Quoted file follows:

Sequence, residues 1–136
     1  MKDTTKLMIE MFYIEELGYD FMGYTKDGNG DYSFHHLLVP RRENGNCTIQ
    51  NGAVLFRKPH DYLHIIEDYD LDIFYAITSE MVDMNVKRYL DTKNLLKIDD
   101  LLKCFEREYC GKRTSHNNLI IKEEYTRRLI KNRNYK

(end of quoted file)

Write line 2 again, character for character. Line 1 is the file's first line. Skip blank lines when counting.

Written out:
     1  MKDTTKLMIE MFYIEELGYD FMGYTKDGNG DYSFHHLLVP RRENGNCTIQ